Business Cards — For the Hand-made craft seller


To go along with my recent post on how to make a cute, effective, and eye-catching business card holder (HERE), here’s a post about why to have a business card, what information to include on one, and a few tips about passing them out.

Quite a few crafters (especially the online sellers) might find it a bit useless or a waste of money and time to have a business card.  I strongly disagree.  There are several reasons to have a business card.  It also might be a bit tricksy to decide what needs to be included in your business card…especially if you don’t have a physical store with a phone number, address, fax machine, all of that information that would normally be included on a business card.

How-to of Business CardsLet’s start with the basic list of “Why do I need a business card?”

  1. Get your name out there.  I’ve said it before, I’m going to say it again, selling hand-made crafts is super competitive.  Having a business card can help spread the word about who you are, and what you do.
  2. Increase the professionalism.  Professionals have business cards.  They consider what they are doing as a business.
  3. Enter raffles.  How many times have you seen fish bowls on check-out counters with a sign: “Throw in your business card for a chance to win…”?

Your convinced, you need a business card, but, you run your business online, don’t have a physical mailing address, don’t have a website, don’t want to pass out your phone number…”What information needs to be on my business card?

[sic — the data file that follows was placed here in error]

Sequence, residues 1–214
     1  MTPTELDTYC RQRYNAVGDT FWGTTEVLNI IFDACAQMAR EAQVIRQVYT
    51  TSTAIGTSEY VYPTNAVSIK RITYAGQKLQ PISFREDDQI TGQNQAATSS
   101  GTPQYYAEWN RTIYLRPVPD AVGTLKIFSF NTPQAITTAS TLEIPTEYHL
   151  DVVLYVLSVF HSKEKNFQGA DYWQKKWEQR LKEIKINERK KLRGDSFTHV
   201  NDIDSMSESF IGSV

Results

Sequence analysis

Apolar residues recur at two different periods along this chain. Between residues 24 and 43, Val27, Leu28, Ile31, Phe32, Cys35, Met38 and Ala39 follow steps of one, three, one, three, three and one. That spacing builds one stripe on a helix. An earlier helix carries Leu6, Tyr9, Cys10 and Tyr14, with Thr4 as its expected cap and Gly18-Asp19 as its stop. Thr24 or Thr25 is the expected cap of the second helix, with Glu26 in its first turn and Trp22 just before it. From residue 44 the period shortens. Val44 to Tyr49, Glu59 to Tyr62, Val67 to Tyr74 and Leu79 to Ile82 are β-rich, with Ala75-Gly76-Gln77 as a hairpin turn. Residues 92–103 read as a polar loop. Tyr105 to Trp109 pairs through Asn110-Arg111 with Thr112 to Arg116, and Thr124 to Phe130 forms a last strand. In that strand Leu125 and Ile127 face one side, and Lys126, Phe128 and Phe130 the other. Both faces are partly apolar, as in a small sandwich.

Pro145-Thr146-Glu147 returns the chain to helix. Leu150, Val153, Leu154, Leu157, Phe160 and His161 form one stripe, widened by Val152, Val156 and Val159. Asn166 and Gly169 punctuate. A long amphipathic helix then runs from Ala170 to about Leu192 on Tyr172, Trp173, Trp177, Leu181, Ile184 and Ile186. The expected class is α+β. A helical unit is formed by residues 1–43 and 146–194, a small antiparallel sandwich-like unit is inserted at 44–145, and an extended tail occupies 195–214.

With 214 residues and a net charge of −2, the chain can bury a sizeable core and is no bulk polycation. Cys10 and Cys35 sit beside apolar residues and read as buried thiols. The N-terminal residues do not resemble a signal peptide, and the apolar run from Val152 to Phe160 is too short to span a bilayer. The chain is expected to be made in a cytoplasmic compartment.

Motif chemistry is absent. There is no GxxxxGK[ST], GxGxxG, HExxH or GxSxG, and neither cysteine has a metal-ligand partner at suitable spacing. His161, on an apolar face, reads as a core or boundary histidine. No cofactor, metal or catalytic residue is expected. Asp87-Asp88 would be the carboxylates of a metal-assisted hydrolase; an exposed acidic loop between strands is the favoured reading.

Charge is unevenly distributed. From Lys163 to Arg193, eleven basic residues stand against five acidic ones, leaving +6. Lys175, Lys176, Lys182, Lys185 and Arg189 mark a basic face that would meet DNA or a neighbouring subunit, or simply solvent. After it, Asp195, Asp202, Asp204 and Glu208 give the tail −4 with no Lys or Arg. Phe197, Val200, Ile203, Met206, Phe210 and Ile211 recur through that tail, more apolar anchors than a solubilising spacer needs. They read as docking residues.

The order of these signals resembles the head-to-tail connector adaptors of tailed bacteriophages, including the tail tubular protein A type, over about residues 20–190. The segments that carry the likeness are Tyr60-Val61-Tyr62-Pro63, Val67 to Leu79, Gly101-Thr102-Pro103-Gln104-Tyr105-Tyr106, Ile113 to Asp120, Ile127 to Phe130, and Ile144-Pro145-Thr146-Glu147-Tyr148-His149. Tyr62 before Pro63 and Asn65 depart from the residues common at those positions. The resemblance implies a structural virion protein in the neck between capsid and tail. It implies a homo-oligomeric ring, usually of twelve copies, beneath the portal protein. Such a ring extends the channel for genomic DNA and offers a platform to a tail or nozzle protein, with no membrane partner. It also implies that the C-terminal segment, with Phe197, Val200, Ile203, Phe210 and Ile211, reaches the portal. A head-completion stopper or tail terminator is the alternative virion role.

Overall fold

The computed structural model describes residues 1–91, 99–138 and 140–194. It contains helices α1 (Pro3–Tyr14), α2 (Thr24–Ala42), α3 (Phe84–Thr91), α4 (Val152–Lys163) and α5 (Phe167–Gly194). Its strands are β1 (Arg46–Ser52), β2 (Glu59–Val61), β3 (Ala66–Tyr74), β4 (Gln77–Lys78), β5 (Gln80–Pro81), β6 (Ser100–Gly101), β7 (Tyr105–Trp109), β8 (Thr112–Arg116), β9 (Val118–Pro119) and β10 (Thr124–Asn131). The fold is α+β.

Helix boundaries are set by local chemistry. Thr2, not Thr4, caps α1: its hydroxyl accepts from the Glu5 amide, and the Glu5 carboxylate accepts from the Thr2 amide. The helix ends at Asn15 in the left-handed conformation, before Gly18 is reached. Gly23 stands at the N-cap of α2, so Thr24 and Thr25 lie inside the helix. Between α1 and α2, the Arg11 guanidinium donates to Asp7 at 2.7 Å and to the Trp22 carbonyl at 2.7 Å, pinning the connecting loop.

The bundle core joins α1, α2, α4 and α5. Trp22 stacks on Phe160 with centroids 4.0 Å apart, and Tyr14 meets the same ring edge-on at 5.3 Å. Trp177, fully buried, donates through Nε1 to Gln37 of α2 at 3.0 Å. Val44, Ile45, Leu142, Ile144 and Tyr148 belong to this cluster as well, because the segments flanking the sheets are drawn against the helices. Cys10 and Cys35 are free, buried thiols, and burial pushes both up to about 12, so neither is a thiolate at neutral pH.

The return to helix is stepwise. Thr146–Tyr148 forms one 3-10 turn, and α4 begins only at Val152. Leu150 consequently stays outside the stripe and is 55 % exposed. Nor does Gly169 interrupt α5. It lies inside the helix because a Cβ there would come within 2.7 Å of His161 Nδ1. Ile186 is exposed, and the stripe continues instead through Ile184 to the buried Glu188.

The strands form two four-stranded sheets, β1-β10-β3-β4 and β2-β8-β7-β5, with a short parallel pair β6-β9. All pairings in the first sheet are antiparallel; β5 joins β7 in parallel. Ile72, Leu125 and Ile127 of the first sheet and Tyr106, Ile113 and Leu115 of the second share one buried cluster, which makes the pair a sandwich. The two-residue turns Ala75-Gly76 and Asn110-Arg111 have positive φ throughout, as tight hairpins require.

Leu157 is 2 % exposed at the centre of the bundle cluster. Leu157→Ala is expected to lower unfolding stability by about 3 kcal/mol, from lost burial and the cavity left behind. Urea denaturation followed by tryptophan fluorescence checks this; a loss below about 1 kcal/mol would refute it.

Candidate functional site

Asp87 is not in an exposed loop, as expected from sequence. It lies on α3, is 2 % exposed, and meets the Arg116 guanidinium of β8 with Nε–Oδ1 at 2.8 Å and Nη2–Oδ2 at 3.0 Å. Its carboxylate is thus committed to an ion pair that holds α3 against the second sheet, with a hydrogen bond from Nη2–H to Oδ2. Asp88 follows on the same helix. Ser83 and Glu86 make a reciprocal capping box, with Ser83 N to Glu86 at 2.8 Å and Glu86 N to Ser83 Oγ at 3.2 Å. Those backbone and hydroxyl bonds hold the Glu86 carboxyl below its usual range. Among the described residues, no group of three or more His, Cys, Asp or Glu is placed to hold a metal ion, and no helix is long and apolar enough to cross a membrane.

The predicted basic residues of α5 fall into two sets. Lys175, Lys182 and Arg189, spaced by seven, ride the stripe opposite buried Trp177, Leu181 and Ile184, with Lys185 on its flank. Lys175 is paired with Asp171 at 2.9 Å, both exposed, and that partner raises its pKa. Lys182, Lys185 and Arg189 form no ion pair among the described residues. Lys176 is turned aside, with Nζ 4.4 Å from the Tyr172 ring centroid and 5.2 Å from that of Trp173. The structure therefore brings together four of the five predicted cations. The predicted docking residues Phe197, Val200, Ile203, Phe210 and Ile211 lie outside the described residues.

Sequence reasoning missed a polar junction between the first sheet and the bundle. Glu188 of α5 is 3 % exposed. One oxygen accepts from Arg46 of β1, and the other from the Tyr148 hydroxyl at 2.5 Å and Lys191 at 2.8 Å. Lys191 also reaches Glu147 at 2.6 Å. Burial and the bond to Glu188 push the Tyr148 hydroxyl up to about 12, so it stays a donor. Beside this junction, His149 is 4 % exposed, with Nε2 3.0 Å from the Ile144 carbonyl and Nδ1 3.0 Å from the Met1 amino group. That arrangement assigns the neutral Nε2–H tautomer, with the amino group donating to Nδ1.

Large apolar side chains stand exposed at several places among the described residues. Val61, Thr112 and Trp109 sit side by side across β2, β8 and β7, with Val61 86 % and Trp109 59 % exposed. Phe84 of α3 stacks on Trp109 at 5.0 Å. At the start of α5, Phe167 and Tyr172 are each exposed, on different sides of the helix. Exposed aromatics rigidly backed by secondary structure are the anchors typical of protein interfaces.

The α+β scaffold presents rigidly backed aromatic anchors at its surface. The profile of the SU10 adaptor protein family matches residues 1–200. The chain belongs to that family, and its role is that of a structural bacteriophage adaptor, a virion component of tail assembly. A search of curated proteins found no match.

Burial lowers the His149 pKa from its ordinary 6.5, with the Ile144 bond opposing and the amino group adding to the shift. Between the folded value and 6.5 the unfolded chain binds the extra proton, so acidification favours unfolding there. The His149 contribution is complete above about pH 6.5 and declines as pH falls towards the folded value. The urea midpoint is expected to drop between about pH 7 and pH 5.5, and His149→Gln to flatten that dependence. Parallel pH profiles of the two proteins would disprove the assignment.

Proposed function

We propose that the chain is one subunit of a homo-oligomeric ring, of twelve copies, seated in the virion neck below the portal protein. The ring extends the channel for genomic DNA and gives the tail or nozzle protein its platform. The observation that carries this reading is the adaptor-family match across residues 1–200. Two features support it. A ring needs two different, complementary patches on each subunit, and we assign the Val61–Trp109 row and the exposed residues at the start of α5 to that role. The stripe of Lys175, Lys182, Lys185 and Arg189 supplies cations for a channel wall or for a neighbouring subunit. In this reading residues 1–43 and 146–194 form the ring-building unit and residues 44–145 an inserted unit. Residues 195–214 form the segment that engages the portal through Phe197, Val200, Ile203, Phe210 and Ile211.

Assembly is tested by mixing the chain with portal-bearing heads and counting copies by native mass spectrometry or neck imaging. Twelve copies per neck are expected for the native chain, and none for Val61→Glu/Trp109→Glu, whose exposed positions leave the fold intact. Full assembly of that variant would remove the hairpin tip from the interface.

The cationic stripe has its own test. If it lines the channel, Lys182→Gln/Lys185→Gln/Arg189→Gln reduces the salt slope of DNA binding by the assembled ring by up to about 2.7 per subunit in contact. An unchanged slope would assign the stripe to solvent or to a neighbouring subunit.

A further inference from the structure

• Name
  • Company’s Name
  • **What you sell**
  • A web address of some sort – etsy shop, blog, facebook page…SOMETHING
  • A reason for someone to keep your business card.  A discount code, or special deal.
  • Email address

So, you’ve got your business cards ordered and sitting on your desk and your wondering, “how do I pass out my business cards?”

  1. Include one with each order.  Someone ordered something from you (YAY), a week or two goes by, they receive the order…I wouldn’t be a bit surprised that as soon as they open the box, they forget all about you.  OR, you had a customer from Delaware order one of your products as a gift to one of their friends in Florida.
  2. Leave it with the tip at a restaurant.
  3. If someone asks about what you do (and they should), whip out your card, hand it to them, start talking about what you do.

Be proud of what you do.  The first business cards that I ever ordered (and I really think that they are worth ordering…I have found vistaprint to be the cheapest with the best quality and the most options, but there are other venues available) had font that was too small, horrible lay-out, and lacked a reason for people to keep it.  I just recently had to order some more, as I was running out of those first ones, and was able to learn from my previous mistakes.  Make use of the space that is available…don’t cram it so full of information that it is cluttered and hard to read, but make sure that you include enough information so that they know who you are, what you sell, and how to get in touch with you.

Can you think of anything else that should be added to any of these lists?  Go ahead and let me know with a comment, I’d sure love some input!

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